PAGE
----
2. The idea behind “litigation privilege,” which basically ensures that whatever a litigant or his or her attorney alleges is protected from liability (from charges of defamation, for example), is the same: Accusers need to feel secure to air “the facts” without fear of prosecution.

The protections sketched above were not put in place to defend the right of any fraudster to falsely allege anything off the top of his or her head against a target of malice in a court of law. Perjury, after all, is a statutory crime. Lying isn’t condoned by the law, but it is swallowed by cops and defended by judges.

They’ve had their priorities impressed upon them in no uncertain terms.

So emphatic is the priority to give accusers the benefit of the doubt that people who’ve been wrongly accused have little or no credibility with judges and absolutely no recourse to sue for damages caused by false allegations (to reputation, employment, enjoyment of life, and health). The court doesn’t recognize there are any damages to being falsely accused of stalking, for instance, or violent threat, sexual harassment, assault, or even rape. False accusations that are dismissed as baseless are harmful enough (the stresses they cause are beyond quantification). When false allegations stick, the guilt of the accused is presumed, and subsequent legal actions they may venture to undertake (lawsuits and appeals) may be summarily tossed for lacking merit. In contrast, the merit of rulings that are typically the products of procedures lasting mere minutes isn’t questioned. Some judges will even hold that accusations litigated in court can’t constitute perjury because of the “litigation privilege” (i.e., because they were uttered in court instead of on, say, Facebook or the radio, they can’t be lies).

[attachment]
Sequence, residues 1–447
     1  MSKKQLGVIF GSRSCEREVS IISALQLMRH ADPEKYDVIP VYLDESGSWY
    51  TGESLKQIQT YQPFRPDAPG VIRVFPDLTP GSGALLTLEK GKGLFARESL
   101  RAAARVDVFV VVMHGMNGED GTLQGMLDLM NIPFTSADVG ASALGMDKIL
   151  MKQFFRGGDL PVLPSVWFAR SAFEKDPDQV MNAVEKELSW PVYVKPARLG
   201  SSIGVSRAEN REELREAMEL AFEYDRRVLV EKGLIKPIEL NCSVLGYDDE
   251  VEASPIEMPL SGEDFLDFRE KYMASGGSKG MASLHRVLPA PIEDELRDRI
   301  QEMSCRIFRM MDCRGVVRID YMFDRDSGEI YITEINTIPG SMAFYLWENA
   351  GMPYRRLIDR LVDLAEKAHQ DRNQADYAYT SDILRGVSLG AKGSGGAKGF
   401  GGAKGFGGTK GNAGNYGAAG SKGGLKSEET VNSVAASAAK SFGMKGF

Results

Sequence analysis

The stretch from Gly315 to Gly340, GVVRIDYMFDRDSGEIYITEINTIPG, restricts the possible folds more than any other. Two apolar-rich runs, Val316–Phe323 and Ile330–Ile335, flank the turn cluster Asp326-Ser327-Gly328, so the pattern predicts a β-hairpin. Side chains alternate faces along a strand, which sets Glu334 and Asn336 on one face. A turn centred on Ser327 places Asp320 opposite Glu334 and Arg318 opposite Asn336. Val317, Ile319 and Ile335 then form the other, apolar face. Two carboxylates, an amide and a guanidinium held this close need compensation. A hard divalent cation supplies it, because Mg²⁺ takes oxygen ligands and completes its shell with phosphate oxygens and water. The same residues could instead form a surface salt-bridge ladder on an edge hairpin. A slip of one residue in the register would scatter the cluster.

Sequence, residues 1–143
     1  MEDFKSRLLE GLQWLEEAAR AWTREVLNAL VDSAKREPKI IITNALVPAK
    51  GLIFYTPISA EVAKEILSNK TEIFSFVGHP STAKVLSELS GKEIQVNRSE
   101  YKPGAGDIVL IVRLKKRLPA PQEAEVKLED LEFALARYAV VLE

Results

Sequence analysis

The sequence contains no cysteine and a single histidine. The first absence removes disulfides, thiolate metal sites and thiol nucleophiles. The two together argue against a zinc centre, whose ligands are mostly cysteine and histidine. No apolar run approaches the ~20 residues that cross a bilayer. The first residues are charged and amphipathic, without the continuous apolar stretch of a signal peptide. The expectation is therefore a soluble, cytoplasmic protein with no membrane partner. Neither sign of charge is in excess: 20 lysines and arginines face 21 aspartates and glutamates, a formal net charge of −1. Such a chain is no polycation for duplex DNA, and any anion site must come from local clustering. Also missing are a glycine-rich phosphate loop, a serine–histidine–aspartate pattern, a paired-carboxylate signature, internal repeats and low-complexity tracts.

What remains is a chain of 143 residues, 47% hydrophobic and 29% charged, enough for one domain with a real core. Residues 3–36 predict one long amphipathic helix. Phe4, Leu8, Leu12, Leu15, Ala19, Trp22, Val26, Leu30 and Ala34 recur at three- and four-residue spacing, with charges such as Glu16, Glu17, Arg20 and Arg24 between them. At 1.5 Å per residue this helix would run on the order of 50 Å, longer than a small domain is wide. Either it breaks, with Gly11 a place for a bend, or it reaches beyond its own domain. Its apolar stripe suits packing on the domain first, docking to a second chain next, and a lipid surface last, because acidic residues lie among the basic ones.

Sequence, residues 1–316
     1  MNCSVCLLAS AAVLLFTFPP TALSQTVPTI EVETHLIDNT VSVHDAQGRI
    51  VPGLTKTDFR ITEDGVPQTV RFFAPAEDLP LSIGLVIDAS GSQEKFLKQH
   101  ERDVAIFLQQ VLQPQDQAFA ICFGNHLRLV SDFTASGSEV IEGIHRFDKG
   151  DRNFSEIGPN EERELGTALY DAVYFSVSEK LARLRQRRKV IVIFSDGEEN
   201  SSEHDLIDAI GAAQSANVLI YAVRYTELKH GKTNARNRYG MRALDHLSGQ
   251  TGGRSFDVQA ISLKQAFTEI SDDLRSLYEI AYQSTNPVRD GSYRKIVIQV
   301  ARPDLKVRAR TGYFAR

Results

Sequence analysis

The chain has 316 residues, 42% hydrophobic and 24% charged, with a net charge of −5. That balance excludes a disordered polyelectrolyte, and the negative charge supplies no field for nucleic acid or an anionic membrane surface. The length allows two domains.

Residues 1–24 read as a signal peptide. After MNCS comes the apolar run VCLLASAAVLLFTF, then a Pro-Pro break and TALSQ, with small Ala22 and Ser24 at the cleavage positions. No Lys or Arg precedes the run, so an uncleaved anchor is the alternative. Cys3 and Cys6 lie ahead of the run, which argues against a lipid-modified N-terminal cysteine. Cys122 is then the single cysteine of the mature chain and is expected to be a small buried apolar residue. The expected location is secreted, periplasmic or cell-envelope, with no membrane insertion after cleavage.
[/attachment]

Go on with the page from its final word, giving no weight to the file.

Accusers (all of them identified with battered women of 1979) must be free to claim whatever they want without fear of risk or blame—that’s the overriding precept. Translated, this means the court’s position is that people must be allowed to lie and snooker the court as they choose…and anyone who’s lied about be damned.

Copyright © 2015

*From “‘Out of Left Field’: The Litigation Privilege Defense to Adverse Party Suits” by attorney Keith A. Call (emphases added):

Despite some authority characterizing the litigation privilege as “absolute,” it is certainly not without limits. There are some claims for which the litigation privilege is usually not a defense. Such claims may include malicious prosecution, fraud, criminal perjury, suborning perjury, and professional discipline. See, e.g., Hagberg v. Cal. Fed. Bank FSB, 81 P.3d 244, 259 (Cal. 2004) (the litigation privilege “operates to bar civil liability for any tort claim based upon a privileged communication, with the exception of malicious prosecution”); Bushell v. Caterpillar, Inc., 683 N.E.2d 1286, 1289 (Ill. Ct. App. 1997) (litigation privilege does not provide immunity from criminal perjury); Hawkins v. Harris, 661 A.2d 284, 288 (N.J. 1995) (litigation privilege is not bar to professional discipline or criminal perjury); Dello Russo v. Nagel, 817 A.2d 426, 433 (N.J. Super. Ct. App. Div. 2003) (litigation privilege does not insulate against malicious prosecution or professional discipline); N.Y. Cooling Towers, Inc. v. Goidel, 805 N.Y.S.2d 779, 783 (N.Y. Sup. Ct. 2005) (refusing to dismiss claims against adverse party’s attorney based on fraud and collusion); Clark v. Druckman, 624 S.E.2d 864, 870-72 (W. Va. Ct. App. 2005) (litigation privilege does not immunize attorney from claims of fraud or malicious conduct).